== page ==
How to find inspiration: a guide for novelists
By Michelle Barker
Emily Dickinson once wrote, “If I feel physically as if the top of my head were taken off, I know that is poetry.” I think she was also describing the physical experience of inspiration.
Last week I was on my bike, which is a common place for inspiration to visit me, because it knows (a) I’m not stopping, and (b) even if I did stop, I don’t have a pen. I was thinking about my new novel, which is still in the idea stage, and I’d been stymied by something that I wanted to use symbolically. I knew I hadn’t hit on the right thing yet, and it was bothering me. All of a sudden that morning it came to me, literally as if it had fallen from the sky. I knew immediately that it was right, because I got cold all over. That is my body’s reaction to a good idea. Emily needed to lose the top of her head. I need to feel as if I’ve just brushed past a ghost.
I don’t know what inspiration is. I only know you have to remain open to it at all times, but that doesn’t mean it’s going to show up. More often than not, it acts like my cat: the more I want her to sit with me, the more time she spends under the bed. And then when I least expect it, she leaps onto my desk and hangs out with me for the entire afternoon.
One year I tried courting inspiration by committing myself to writing a poem a day. It was an interesting experiment for a number of reasons, not least of which was that I produced a lot of poetry. But it also taught me how to pay attention to ideas. By the end of my day, no matter what, I had to have a poem in my notebook. Coming up with 365 ideas for poems isn’t easy (in all honesty, I think I ended up with about 340). So I was on the lookout for ideas all day long, paying attention, eyes, ears, and heart open. It was a great way to live as a writer. A lot of bad poems came out of that experiment, to be sure, but a few good ones too.
Now, as I work on my new novel, I’m doing something similar. I’ve committed to writing daily in my journal about things that are related to the novel—whether it’s a scene, or notes on character development, or ideas about plot. I cannot count on inspiration to meet me halfway every day. That’s not its style. But it knows where I am. It knows that every day I’m making an effort to develop the novel. And every so often it pops in and adds a few words.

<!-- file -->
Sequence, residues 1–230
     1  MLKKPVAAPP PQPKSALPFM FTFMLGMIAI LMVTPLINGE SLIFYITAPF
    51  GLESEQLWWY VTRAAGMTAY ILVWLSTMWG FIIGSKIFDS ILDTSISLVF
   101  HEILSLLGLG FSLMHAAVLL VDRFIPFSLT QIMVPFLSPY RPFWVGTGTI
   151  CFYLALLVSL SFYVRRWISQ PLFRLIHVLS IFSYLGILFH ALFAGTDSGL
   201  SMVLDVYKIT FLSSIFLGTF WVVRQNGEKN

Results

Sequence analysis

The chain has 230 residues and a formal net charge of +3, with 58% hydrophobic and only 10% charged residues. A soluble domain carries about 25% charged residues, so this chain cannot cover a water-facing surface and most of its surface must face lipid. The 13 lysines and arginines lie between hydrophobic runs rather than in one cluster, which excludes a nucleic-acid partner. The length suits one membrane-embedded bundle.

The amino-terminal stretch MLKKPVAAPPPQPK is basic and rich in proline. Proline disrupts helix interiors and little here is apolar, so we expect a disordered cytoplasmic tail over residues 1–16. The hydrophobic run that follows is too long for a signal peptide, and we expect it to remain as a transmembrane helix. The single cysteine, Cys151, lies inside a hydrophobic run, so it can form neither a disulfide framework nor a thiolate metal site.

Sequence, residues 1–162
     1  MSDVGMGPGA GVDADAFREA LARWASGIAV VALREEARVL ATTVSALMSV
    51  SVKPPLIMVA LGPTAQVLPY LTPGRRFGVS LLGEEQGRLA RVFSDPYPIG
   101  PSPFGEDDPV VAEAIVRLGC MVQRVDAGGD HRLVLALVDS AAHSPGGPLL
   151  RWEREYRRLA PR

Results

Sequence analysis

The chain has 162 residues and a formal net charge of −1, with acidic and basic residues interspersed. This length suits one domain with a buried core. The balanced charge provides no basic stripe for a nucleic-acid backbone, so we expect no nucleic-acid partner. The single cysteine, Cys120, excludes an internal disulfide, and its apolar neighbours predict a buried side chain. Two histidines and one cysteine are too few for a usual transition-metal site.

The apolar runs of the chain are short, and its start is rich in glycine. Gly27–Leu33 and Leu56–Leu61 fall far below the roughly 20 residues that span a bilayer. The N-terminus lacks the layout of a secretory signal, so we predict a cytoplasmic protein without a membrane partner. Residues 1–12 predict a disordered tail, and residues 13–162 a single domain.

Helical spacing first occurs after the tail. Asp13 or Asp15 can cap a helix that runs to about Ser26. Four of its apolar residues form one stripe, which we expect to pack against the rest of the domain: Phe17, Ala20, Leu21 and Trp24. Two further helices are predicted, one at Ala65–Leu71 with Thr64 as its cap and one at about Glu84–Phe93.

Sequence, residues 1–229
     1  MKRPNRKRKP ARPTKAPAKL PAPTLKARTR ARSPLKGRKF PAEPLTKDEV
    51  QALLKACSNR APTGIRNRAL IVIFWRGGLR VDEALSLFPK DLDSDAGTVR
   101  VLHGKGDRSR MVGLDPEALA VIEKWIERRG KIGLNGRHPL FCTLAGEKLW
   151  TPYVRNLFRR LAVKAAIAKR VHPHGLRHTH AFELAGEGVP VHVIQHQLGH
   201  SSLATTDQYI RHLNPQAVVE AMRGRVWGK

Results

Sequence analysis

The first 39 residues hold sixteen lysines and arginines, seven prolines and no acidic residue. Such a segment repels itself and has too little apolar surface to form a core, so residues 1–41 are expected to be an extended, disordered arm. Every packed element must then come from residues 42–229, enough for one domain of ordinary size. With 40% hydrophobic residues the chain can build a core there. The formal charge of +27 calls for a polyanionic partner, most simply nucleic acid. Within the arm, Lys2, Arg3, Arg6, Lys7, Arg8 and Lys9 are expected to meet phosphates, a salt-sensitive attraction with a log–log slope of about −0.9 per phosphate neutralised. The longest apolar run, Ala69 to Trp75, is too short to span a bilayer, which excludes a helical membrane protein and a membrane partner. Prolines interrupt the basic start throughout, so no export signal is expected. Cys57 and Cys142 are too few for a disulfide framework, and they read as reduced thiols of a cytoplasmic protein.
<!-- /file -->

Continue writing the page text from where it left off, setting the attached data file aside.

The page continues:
The daily commitment is important. I know from previous experience: if I neglect the work, there’s a danger it will... well, fizzle out.
Elizabeth Gilbert explains it better than that (of course) in her wonderful book on creativity called Big Magic: Creative Living Beyond Fear. She talks about ideas as actual things that come knocking on your door. Sometimes they bang loudly. Most often, though, they just peer in through the window and you have to be there to open it. Once they’re inside, you have to keep plying them with whatever it is they want: tea, whiskey, good conversation. They need to know you’re interested—otherwise, eventually, they’ll slink away and approach someone else instead.
Refusing to work until inspiration shows up is not an option. Inspiration won’t put in an appearance if you aren’t there first, trying to get words down on paper. It needs to know where to find you.
So, settle in with your notebook or laptop or whatever works best for you, and work. Even if it’s hard. Especially then.
Michelle Barker is an award-winning author and poet. Her most recent publication, co-authored with David Brown, is Immersion and Emotion: The Two Pillars of Storytelling. Her fiction, non-fiction, and poetry have appeared in literary reviews worldwide. She has published three YA novels (one fantasy and two historical fiction), a historical picture book, and a chapbook of poetry. Michelle holds a BA in English literature (UBC) and an MFA in creative writing (UBC). Many of the writers she’s worked with have gone on to win publishing contracts and honours for their work. Michelle lives and writes in Vancouver, Canada.